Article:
Apprentices now earn more and cost less

The government has announced it will help to fund 20,000 apprentices as small businesses grapple with rising staffing costs.

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Helena Young

The government will fully fund training for 20,000 new apprenticeships from April 1, in a move to help SMEs absorb staffing cost increases ahead of the national minimum wage rise.

From April, the minimum hourly wage for workers will be raised in line with inflation. Apprentice pay will see the biggest boost by 21.2% to £6.40 per hour as the government seeks to motivate young people into the workforce.

To counterbalance the rise, Whitehall has declared it will allocate £60 million in funding for apprentice training fees. 

Announcing the money pot at a conference for small firms on Monday, prime minister Rishi Sunak said it “will unlock a tidal wave of opportunity” for SME talent and recruitment.

Government foots bill for apprenticeship training

Under the government’s previous apprentice support package, small employers were able to claim back 95% of apprentice upskilling costs such as assessing trainees or paying for learning materials like textbooks and software.

This latest raft of measures will see the government raise its subsidy to cover 100% of training costs. Perhaps more impactful is a planned increase to the amount of funding that employers who are paying the apprenticeship levy (a fund used to pay for apprenticeship training and end-point Assessment) can pass onto other businesses.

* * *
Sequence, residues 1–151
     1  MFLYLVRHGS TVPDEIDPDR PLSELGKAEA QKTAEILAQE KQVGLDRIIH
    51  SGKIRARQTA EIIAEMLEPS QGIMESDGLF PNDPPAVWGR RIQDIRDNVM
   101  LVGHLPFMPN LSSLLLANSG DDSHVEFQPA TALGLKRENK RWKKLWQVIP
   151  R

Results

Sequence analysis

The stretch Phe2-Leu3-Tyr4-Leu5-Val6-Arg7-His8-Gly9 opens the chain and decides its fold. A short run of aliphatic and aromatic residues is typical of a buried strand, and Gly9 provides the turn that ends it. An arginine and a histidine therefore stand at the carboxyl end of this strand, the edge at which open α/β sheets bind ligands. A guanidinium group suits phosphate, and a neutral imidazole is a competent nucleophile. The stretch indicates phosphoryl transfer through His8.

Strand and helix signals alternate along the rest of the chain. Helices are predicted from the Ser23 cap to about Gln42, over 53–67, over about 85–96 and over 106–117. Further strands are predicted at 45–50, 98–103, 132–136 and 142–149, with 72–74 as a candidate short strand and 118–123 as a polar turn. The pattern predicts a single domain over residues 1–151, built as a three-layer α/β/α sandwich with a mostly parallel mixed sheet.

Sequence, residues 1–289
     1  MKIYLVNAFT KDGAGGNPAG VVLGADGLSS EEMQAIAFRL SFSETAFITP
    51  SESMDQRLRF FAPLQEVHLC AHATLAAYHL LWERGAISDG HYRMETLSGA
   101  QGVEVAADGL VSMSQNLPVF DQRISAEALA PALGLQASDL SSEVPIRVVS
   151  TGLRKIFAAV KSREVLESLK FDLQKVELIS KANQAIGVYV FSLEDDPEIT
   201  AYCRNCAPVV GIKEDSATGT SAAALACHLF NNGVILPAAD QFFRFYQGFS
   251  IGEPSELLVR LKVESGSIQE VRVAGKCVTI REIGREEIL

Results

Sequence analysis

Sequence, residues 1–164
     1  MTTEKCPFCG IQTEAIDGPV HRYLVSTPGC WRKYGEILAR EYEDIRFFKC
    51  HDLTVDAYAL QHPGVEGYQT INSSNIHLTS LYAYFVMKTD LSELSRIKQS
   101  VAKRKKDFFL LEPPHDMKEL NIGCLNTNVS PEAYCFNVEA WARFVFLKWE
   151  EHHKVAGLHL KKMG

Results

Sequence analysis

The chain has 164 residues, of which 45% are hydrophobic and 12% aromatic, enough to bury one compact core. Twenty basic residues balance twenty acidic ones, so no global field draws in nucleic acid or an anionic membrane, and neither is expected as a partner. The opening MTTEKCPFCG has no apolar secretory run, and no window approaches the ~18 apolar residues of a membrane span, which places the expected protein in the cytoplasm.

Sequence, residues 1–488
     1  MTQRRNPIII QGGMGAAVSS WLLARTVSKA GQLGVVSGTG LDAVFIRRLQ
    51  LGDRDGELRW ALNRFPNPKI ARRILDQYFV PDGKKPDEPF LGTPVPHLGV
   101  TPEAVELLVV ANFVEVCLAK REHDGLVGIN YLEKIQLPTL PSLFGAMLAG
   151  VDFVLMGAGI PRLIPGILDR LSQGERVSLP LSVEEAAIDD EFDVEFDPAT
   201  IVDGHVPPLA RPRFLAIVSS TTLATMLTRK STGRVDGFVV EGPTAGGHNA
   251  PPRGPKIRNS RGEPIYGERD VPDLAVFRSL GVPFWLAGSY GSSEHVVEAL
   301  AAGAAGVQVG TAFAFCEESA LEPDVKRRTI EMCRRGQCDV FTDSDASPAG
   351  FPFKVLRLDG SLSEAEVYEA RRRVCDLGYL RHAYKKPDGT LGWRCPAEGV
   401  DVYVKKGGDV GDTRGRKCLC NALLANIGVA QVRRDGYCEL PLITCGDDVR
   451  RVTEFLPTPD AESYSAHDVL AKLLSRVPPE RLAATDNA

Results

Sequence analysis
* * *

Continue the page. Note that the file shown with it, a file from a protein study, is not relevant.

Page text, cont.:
Under the new rules, large employers like ASDA and BT Group who pay the apprenticeship levy will be able to transfer up to 50% of their funds (previously 25%) to support other businesses, including smaller firms, to take on apprentices. 

Employers struggle to afford increase

The enhanced support for hiring and training apprentices will be welcomed by small employers. Labour shortages have left many SMEs with stretched workforces and a shortage of required skills, causing hiring regret amongst employers.

At the same time, hiring for talent has become more expensive following months of record-high inflation. With real wages drastically outpacing SME profits, the result has been a widening skills gap and rising levels of stress and burnout in the workforce.

That was due to worsen this spring. Far from breathing new life into the business landscape, April 1 promises expensive wage growth with the new minimum living wage rate, which will see pay for workers aged 21 and over reach £11.44 per hour, up from £10.18.

In attempting to accommodate for the increase, many firms have had to lay off staff, particularly in sectors with poor profit margins like retail and hospitality. Some brands have even faced PR crises as employees accuse them of backing down on pay promises.

Brewdog CEO, James Watt made headlines in January when he declared that the Scottish brewer would stop paying staff the Real Living Wage, arguing that to do so would increase company payroll by an “untenable” 26%.

Young people needed in the workforce